Belgium Trials

The questions still open include whether the current system of parallel reviews and approvals by all national competent authorities involved should remain for multinational clinical trials, or should be replaced by a single clinical trial authorization. And if a single authorization is to emerge, should this be obtained through a central application and central review (for instance at the EMA) or through a central application and a decentralized review—either requesting review from all authorities involved by the trial or by one authority chosen by the agency for its relevant expertise?

Should sponsors be allowed to apply to any national authority, which would act as rapporteur for a mutual recognition procedure? And should current and new procedures for authorizing multinational trials run in parallel, leaving the sponsor free to choose their favorite option?

Should a single application dossier, submitted centrally, be considered complete, with no possibility of additional national requests for documents? And—as ever in the linguistic patchwork quilt of Europe—what languages should a single dossier be submitted in? English? Or national languages?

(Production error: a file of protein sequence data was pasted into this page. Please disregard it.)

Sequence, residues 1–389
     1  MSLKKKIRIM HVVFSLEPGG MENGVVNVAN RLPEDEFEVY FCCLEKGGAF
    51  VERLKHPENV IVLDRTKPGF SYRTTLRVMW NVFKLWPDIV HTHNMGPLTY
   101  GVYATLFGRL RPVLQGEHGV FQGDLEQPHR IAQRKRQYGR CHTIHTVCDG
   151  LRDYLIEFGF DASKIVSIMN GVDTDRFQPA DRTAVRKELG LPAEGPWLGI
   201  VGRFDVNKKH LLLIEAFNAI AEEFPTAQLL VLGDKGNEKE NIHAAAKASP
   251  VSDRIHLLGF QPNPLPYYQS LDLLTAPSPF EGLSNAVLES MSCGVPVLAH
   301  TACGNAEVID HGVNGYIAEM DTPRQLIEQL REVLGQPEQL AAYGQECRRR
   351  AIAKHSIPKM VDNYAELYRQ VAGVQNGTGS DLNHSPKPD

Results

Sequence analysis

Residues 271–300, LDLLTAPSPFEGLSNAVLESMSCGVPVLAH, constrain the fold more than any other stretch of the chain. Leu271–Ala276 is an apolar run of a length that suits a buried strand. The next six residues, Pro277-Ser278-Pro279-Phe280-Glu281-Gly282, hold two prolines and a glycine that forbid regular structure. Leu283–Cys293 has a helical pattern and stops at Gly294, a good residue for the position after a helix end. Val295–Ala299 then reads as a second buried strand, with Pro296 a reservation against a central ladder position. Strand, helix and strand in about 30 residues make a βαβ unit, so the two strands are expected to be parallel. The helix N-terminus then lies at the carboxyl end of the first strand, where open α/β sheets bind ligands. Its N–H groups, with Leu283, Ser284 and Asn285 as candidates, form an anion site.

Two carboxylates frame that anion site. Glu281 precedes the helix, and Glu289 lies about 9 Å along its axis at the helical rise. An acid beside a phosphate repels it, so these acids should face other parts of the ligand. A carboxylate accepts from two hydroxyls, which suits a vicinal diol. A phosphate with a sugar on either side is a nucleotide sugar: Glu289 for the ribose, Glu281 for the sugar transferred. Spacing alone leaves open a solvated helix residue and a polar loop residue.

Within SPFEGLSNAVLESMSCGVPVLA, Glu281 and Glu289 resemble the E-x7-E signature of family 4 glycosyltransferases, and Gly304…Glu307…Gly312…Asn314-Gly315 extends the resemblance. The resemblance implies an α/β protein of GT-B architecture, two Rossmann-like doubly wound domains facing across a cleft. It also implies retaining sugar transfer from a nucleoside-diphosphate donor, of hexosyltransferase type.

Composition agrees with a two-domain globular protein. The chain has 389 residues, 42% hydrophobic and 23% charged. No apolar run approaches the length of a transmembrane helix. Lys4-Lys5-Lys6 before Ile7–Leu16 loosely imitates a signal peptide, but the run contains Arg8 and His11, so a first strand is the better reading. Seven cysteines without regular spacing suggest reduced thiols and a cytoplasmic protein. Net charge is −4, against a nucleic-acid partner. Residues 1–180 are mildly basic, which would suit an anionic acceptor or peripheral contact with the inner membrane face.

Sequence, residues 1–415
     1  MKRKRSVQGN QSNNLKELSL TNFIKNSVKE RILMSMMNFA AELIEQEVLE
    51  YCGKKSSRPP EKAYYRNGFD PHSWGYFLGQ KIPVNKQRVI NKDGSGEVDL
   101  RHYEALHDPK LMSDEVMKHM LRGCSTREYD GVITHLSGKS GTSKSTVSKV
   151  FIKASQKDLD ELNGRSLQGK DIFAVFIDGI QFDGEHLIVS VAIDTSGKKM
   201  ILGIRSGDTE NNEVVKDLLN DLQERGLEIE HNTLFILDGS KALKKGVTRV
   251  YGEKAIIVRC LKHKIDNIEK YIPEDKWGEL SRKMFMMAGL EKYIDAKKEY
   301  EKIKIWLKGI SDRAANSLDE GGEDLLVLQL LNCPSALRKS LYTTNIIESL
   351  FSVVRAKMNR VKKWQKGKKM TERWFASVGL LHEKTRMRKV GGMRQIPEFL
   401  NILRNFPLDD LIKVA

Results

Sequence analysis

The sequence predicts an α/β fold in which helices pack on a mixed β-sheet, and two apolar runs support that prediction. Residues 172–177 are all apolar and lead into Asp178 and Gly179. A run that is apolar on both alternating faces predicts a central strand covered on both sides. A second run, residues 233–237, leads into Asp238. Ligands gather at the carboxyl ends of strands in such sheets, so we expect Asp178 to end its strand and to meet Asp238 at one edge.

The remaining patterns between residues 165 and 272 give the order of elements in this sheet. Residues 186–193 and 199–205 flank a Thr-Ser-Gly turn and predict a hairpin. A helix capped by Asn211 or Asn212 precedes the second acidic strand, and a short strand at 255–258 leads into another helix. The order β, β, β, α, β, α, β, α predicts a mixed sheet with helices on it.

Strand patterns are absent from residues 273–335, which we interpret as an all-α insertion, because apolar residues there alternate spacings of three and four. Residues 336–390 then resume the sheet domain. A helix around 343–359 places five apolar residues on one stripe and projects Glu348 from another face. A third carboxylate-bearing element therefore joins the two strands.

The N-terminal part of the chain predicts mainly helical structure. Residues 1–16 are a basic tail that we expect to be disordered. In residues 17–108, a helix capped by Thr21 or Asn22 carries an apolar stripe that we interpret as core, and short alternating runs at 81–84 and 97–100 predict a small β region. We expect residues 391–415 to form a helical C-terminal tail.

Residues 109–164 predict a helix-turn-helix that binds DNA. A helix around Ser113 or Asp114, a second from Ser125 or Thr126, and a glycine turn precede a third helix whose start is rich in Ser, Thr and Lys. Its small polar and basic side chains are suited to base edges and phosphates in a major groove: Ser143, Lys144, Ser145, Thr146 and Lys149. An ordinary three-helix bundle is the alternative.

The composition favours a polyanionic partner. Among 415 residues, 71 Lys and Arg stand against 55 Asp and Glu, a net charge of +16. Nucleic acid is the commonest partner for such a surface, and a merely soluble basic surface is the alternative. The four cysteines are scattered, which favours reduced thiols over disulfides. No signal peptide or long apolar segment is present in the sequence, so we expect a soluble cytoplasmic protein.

The ranking of which areas need clearer definitions varies from stakeholder to stakeholder—so EFGCP has tried to establish the good, the bad, and the ugly among the current definitions for sponsor, investigational medicinal product, substantial amendment, and noninterventional study.

It also assessed views on whether the current definition of a single sponsor for a trial should remain, or whether there should also be options for cosponsorship, with the coordinating sponsor retaining legal and penal responsibility, or for joint sponsorship, sharing legal and penal responsibility but with a single protocol, single trial identification number, and single database.